Young Avengers #3 (2005)
Young Avengers #3 is a power pack of character development. Allan Heinberg continues to show off his storytelling skills as he concentrates on the background of the members of this teenage super-group. Note, I stated group and not a team; well they’re not there quite yet. Let’s hope that this group of Young Avengers can learn a few things first. One powerful lesson came from Iron Man, aka Tony Stark; “We were so busy taking care of the world, we forgot to take care of each other”. Before these super-teens can take care of each other in battle, they may need to prioritize focus and learn more about each other personally. Heinberg, outstandingly, provides enough background to each character, while building suspense to intrigue the imagination.
Nathaniel Richards, aka Iron Lad, is the person responsible for seeking and forming this group. We have learned quite a few details about this Young Avenger in these past three issues. Richards was born in the 30th century where the world seems perfect, however, it’s not entirely true. One day when he was being bullied, his older-self, who is referred to as “Kang the Conqueror. This was an important moment in time as the bully was about to injure young Richard’s throat to the brink of death. Kang stopped that from happening and continued to provide his younger self a taste of the future by providing him with a Neuro-Kenetic armor. Kang hoped that his past self would take the mantel sooner, rather than later. Kang’s ultimate plan may have had a chance if he chose to come back to the past right after young Richards recovered from his injury. This is a small miscalculation that caused this chain reaction. Young Richards did not experience the trauma and develop the feelings of rage, resent, and hate, which is why he decided to renounce his destiny and traveled back further in time to seek the assistance of the Avengers; Kang’s enemy’s.
Once Richard’s arrived to the present Earth-616 timeline, the Avengers were disbanded and created another obstacle to overcome. After striking out on tracking down members of the Avengers, Richards chose to “borrow” the remains of Vision and downloaded the memories into his suit. There is a “fail-safe” program that was built to find the next generation of Avengers in case the original were no longer active. It seems that Richards has the similar powers available to Kang the Conqueror of Earth-6311 and those of Iron Man. Now, by taking the name as Iron Lad, he used this program and found his recruits and finding himself telling his story to some important people.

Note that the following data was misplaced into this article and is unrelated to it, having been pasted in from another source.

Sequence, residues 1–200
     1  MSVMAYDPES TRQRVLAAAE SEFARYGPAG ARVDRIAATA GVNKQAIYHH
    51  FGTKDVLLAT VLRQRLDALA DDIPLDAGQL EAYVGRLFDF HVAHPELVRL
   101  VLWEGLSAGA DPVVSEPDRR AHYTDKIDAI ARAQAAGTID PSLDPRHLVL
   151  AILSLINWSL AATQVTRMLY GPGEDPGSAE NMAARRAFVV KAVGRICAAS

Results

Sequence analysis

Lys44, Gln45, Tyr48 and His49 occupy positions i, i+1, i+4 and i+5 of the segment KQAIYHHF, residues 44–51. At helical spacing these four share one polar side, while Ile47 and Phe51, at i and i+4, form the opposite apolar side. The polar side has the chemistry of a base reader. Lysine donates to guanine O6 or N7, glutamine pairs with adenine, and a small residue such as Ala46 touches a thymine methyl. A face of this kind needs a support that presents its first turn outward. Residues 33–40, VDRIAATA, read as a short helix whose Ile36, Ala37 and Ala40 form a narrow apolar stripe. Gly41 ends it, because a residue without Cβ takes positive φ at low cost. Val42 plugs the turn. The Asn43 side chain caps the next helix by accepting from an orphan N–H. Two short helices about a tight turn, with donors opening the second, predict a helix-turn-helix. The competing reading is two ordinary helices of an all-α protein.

Have you noticed that Asgardian and Hulkling are always together? Things to make you go hmmm! Heinberg is taking his time with these two and I greatly appreciate his thought process. Shit, it leaves the reader intrigued and wanting for more. Currently, even they don’t know or understand their powers or background. We can honestly compare Asgardian to Thor and Hulkling, well… kind of like our not-so jolly green gamma infused giant. They are both eager to be heroes and fight for good and all that, but they are a little naive. In Young Avengers #3, we learn that Asgardian’s real name is Billy Kaplan and Hulkling’s real name is Teddy Altman.
In spite of not easily to divulge his identity, we have a better understanding and background of the group’s leader in training, Patriot. Up to this point, all we knew about this character is that he has a huge chip on his shoulders. That’s about it; well, until Young Avengers #3. Why does Patriot wear an uniform similar to Captain America’s once upon a time sidekick, Bucky?
As Eli Bradley proudly explains the connection to a family legacy of heroes, he continues deeply on how, he, himself, was exposed to the super soldier serum. Personally, I think that Eli is the icing on the cake. This character tackles multiple topics relating to today’s world and it explains his attitude with a dash of resentment. By the end of this Young Avengers #3, I believe there is a mutual understanding and respect between Captain America and Patriot. However, I think that Kate is absolutely 100% correct when she stated, “Why can’t you be more like him?”
Thinking of Kate Bishop; we know that she was born with a silver spoon, but with a caring heart. She has awesome fighting skills, which we saw in the first issue as she saved the Young Avengers. Patriot seems to be jealous or maybe his pride was hurt that a girl without powers defeated some bad guys where he found difficulty to accomplish. In the aftermath of that event, Kate befriended Cassie Lang. Yes, the daughter of Ant-Man. Born without powers, Cassie, just wanted to gather her recently deceased father’s suit and become a Young Avenger. But, wait! Apparently, Cassie does have superpowers!
Heinberg provided a heartfelt story between Cassie and Iron Man in Young Avengers #3. The reader is very easily touched by Tony Stark’s confession about Cassie’s father’s murder and expression of concern with her becoming a superhero. There are consequences to our actions!
Action, yes, Young Avengers #3 has just enough to balance out with the character building. Jim Cheung & John Dell artwork, along with colors by Justin Ponsor are sharply detailed with fitting warm purples, soft blues, grays and a touch of greens that makes each panel pop. This team outstandingly enhances Heinberg’s storytelling between the action, character building and the dose of humor.
Best quote in Young Avengers #3; “We’re fanboys, aren’t we? So, we collect them all.” – Hulkling
Young Avengers are quite an eclectic mix of people and it somehow works.
Young Avengers #3 (2005): Side Kicks (Part 3 of 6)
Writing - 9.5/109.5/10
Storyline - 9/109/10
Art - 8/108/10
Color - 8/108/10
Cover Art - 8/108/10
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